Deer bones can be useful in the kitchen

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All right Deer Hunter, you have scored. You’ve got a buck or a doe, and you have dressed it out.

That meat will provide a number of tasty dinners, assuming you or someone else is adept at wild game cooking. You have disposed of the other, unusable parts of that deer.

Don’t throw away the bones.

“Dem bones, dem, bones, dem dry bones” — the old song could give a hint of making more use of the deer meat that comes your way.

When a deer is processed in the field, at home or by a commercial outlet, bones are left. They are commonly disposed in Arkansas by (1) tossing them out back to the dogs of the household or (2) burying. There is an alternative, a stopover between the processing and the disposal.

Make a pot of venison stock.

Chefs, serious cooks and everyday cooks with a bit of experience know the value of stock in building a tasty main dish. A can of chicken broth from the supermarket is stock. It is used as a foundation of a recipe. Stock can also be made from the remains of fish after cleaning or filleting, from beef bones — and from deer, duck and goose bones.

It’s a cooking technique well known in kitchens of times past but not as popular since ease in opening cans from stores came to the forefront. The basics are to put the bones in a large pot — and the name stockpot originated here. Cover with water and boil. What is left after removing the bones is stock.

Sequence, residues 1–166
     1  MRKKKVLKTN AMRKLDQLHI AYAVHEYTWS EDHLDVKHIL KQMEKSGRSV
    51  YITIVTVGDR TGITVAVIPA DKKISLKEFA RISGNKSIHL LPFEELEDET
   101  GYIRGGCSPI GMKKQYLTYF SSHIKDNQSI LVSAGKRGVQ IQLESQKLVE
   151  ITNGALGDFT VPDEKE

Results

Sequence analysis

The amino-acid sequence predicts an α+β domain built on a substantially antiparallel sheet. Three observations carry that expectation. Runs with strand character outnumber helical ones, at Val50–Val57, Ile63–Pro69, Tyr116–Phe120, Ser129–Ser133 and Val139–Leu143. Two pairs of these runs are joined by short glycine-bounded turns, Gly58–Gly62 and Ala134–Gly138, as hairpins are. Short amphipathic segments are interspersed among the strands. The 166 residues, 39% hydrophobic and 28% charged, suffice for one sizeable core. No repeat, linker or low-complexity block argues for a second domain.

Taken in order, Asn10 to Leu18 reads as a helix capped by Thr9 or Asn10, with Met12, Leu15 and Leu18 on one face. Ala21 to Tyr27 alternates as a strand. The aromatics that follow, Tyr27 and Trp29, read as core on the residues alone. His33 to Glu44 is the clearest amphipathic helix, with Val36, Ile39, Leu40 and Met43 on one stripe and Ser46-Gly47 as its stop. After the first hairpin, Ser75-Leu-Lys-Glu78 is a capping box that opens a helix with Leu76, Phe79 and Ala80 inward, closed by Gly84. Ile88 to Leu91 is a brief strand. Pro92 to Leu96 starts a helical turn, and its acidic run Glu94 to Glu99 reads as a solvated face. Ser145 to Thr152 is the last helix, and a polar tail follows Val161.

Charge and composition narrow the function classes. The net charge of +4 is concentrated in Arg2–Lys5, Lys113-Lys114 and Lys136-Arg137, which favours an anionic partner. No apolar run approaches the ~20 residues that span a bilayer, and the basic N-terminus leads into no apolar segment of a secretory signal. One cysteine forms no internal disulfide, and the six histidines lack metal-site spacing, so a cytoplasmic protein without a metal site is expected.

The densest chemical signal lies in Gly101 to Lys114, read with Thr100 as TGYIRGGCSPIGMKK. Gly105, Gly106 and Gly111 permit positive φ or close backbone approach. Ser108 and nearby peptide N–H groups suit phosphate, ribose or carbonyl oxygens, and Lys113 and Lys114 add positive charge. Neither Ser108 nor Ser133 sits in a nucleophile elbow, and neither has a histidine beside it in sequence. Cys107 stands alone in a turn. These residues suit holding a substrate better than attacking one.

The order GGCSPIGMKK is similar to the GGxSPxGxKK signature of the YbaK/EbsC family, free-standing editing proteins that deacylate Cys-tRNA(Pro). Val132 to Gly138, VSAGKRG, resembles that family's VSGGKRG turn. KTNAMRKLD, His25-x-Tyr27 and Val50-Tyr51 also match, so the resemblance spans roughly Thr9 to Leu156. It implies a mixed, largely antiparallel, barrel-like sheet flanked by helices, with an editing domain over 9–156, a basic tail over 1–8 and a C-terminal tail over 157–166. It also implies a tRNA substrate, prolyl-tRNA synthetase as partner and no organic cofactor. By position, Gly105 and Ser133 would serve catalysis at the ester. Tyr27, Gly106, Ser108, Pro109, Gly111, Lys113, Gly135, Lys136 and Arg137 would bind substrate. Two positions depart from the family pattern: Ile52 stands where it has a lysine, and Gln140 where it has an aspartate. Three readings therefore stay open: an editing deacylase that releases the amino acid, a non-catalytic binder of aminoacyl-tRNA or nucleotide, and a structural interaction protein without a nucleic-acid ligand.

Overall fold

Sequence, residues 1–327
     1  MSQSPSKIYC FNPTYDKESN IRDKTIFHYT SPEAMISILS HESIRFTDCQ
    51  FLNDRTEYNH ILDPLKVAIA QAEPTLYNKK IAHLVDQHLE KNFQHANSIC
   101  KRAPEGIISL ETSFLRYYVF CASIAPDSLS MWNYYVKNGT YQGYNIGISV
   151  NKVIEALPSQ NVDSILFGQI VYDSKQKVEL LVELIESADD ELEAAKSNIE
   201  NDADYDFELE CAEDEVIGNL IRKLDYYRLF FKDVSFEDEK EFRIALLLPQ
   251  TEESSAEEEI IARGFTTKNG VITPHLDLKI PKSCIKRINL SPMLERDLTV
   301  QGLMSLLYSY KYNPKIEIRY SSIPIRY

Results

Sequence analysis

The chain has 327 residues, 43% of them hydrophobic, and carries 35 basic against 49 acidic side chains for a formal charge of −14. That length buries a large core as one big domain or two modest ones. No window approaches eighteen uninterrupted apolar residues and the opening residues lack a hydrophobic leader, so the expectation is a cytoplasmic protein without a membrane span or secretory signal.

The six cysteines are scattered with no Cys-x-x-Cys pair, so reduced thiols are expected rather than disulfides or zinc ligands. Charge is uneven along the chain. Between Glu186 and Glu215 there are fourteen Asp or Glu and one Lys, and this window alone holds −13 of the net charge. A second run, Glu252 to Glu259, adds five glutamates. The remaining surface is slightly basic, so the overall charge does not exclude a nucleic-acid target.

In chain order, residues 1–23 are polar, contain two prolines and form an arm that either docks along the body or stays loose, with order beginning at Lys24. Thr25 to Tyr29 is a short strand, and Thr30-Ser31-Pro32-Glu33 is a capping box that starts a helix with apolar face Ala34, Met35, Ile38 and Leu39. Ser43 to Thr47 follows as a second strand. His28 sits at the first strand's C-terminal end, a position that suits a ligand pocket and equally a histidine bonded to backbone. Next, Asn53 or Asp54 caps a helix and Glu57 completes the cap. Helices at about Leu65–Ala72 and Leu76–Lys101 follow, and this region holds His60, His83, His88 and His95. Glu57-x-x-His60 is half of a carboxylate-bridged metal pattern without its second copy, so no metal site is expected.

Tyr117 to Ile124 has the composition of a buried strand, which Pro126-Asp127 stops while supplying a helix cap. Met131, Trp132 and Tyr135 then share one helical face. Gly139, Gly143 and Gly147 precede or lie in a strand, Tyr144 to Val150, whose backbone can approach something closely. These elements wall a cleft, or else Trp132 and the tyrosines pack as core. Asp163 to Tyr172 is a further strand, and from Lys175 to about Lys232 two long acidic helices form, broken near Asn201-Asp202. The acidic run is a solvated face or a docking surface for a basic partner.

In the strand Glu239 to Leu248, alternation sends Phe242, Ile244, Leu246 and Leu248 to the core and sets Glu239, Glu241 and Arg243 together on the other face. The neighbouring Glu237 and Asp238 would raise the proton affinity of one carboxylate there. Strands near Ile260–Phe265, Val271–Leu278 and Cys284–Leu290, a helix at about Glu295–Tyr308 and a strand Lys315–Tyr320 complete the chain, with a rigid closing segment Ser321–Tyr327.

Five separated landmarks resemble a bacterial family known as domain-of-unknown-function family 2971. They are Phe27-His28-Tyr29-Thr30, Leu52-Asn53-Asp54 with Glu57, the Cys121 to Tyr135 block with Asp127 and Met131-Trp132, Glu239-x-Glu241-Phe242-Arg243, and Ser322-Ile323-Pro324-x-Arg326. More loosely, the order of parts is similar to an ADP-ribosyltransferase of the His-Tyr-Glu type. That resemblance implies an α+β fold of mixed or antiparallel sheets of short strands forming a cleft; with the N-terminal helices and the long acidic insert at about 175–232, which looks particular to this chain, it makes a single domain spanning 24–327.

For handling a bunch of bones left from a deer, a bit more guidance calls for the bones to be fitted into the pot with a minimum of space left over. Add water. Bring to a full boil then lower the heat to a good simmer. Go about other business in the kitchen and house but pass by occasionally to check the water level and to skim the scum from the surface. After a couple or three hours, take out the bones carefully, skim again and add one, two or three tablespoons of salt, depending on the quantity of liquid in the pot. Stir well, turn off heat, let cool and skim again.

Many Arkansans who make stock from deer bones strain the liquid after it comes off the stove. A fine mesh strainer works well, and so does several thicknesses of cheese cloth.

If not used immediately, refrigerate for an upcoming venison stew, chili, spaghetti sauce or similar preparation.

When deer are dressed in the field, the usual procedure is to quarter the carcass and cut out the backstraps. What is left is discarded with the entrails and hide. This includes other bones and meat from the neck and ribs. True, that is not much meat, but it is good meat.

A little work with a sharp knife, and meat for chili, soup and stew is obtained.

When a deer carcass is taken to a processor, instructions are given as to how the meat is to be trimmed out and packaged. Tell the processor you want the bones, and the processor should readily nod in agreement. It saves the business having to dispose of them.

Deer bones, cleaned and well dried, are used for carving and for making jewelry. Native Americans and pioneers made a variety of tools from deer bones, especially awls for working with leather or hides.

(Mr. Mosby is the retired news editor of the Arkansas Game and Fish Commission and Arkansas’ best known outdoor writer. His work is distributed by the Arkansas News Bureau in Little Rock. He can be reached by e-mail at jhmosbycyberback.com.)

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